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Re: comments on 30/3/2001 AM draft

From: Ray Denenberg <rden@loc.gov>
Date: Tue, 03 Apr 2001 14:39:39 -0400
Message-ID: <3ACA18EB.95A80544@rs8.loc.gov>
CC: "'xml-dist-app@w3.org'" <xml-dist-app@w3.org>
"Williams, Stuart" wrote:

> Maybe we should return the term Causality which is what I called it
> originally the concept. It's primary purpose is to denote a given message
> having arisen as a direct consequence of the processing of another message.

Well now I see that "causality" doesn't mean what I thought (my fault, since
"causality" is as good a term as any "to denote a given message having arisen as
a direct consequence of the processing of another message" ).

But I think that there is a very important property of request/response that I'm
not sure is being modeled (and which I had thought was being addressed under the
name of "causality):
the notion that a given request requires a response.    (If this is indeed
covered, my apologies, but I can't see it.)

(I think the reason I got confused is that we were talking about correlation,
then this property was briefly introduced -- by Noah -- and William appeared to
address it under the name of causality.)

I envision the abstract model to support the ability of its user (the user of
the model, that is) to define application protocols that sit on top of the XMLP
service represented by an abstract state machine where request/response patterns
are modelled something like this:
The XMLP state machine for the XMLP processor for the sender application,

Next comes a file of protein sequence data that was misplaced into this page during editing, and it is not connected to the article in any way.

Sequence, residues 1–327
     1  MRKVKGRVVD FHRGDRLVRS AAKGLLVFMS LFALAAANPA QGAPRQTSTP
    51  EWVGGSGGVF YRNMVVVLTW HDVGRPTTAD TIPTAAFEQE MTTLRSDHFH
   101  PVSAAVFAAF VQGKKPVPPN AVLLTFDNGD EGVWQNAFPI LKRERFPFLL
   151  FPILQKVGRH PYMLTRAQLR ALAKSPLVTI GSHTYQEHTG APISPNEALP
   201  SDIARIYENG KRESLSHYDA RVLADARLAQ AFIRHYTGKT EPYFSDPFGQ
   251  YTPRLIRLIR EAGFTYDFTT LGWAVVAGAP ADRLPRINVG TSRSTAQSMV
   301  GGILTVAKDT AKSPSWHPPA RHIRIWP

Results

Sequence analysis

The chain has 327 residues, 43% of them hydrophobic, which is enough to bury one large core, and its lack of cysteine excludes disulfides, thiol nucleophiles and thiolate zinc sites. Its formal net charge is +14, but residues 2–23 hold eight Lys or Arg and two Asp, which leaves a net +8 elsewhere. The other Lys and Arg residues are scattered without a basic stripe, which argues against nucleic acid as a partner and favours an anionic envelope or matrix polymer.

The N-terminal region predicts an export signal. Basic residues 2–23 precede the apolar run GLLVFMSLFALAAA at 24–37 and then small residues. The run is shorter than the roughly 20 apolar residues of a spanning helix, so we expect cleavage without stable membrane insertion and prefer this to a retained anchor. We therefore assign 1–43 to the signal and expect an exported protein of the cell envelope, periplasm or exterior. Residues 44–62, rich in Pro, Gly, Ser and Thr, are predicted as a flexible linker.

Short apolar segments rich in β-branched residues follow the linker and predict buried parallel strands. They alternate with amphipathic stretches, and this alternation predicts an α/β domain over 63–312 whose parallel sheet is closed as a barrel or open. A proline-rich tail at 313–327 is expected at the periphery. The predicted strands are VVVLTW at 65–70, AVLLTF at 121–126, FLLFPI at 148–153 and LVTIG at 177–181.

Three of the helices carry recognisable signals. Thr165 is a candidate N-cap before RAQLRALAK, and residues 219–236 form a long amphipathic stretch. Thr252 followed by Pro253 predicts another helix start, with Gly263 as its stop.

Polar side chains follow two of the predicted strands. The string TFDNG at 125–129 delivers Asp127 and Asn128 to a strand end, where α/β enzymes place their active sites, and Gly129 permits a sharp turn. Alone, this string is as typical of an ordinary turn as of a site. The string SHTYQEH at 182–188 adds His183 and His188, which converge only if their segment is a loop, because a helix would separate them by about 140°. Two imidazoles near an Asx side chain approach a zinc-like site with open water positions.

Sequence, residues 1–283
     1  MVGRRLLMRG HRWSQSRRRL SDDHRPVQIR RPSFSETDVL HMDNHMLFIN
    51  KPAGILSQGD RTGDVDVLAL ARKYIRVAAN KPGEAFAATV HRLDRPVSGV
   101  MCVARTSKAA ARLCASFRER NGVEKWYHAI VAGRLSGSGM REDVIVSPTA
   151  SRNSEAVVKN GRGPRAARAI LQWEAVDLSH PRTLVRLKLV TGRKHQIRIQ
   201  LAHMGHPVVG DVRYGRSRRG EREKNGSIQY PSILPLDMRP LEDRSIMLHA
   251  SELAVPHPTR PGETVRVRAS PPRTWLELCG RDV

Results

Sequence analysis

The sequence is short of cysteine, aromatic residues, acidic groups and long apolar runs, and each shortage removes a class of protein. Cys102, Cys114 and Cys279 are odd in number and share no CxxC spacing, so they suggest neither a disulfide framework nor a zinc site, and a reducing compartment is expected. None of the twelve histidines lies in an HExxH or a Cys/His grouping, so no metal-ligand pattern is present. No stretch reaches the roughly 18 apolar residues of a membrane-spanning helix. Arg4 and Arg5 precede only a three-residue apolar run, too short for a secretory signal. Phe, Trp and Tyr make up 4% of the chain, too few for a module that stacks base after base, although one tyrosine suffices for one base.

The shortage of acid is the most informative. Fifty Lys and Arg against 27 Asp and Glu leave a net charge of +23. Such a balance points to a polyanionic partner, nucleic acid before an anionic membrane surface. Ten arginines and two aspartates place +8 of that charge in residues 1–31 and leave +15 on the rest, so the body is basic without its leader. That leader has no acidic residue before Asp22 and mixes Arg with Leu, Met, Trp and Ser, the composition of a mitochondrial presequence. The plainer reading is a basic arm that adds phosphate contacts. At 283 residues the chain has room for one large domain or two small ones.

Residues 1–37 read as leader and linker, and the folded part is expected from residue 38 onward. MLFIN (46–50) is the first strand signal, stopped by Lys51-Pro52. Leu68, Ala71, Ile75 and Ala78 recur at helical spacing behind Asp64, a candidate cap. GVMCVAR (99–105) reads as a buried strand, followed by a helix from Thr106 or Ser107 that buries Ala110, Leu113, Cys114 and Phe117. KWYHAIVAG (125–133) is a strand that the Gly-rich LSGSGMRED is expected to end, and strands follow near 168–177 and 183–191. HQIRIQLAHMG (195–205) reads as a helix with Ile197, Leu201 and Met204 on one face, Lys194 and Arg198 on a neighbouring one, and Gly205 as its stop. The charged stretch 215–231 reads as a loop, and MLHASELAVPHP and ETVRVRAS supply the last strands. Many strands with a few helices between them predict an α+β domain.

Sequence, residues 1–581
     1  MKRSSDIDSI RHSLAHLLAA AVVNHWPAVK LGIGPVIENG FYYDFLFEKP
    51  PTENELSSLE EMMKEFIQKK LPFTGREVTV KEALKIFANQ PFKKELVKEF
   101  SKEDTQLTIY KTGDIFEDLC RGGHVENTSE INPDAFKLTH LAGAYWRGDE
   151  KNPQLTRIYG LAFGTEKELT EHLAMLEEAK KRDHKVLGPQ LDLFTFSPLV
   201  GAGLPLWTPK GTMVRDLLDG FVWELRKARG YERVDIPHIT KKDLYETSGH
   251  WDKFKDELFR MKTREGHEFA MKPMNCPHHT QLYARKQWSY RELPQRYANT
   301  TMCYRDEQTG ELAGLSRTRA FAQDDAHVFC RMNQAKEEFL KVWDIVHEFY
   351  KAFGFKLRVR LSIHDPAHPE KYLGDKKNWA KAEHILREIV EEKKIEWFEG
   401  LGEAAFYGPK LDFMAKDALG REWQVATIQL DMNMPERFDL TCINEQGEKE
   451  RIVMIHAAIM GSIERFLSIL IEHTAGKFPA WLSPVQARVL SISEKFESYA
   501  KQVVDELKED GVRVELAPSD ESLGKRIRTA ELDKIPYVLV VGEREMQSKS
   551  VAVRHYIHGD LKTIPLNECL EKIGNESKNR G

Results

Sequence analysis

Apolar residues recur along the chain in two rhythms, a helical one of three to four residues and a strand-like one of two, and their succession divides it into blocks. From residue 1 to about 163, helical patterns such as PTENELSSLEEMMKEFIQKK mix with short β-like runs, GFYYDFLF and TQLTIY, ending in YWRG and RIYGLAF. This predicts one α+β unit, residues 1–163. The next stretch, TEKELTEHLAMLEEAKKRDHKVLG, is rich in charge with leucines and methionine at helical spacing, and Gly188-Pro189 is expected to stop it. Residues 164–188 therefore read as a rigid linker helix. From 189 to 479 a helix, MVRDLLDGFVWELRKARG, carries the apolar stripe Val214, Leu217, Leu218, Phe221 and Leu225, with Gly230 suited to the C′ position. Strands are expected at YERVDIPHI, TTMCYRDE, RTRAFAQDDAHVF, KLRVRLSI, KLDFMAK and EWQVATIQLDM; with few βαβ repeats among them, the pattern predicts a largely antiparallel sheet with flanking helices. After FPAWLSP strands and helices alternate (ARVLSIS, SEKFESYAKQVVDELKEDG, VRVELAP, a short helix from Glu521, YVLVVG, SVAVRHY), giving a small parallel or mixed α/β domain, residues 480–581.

initially in the open state, recieves a request from the XMLP requesting
application, sends an XMLP message to the peer XMLP state machine, goes into the
pending state, and stays there until it gets a responding XMLP message, and
issues a confirm to the XMLP requesting application (and goes into a terminal
state or back to open).

At the peer (responder) the XMLP state machine, initially in the open state,
recieves a protocol messages, issues an indication to the XMLP Responder, goes
into the pending state and stays there until it receives a response, then sends
a protocol message to the requesting XMLP processor (then goes into a terminal
or open state).

Certainly you can do this with UnitData (I've already argued that it's much
easier with request/response primitives, but apparently I'm in the minority)
but not simply with a correlation or causality parameter (and I'm not sure that
the causality parameter is particularly meaningful).  I think you need to add
something like a "response-required" parameter.


--Ray




--
Ray Denenberg
Library of Congress
rden@loc.gov
202-707-5795
Received on Tuesday, 3 April 2001 14:39:17 GMT

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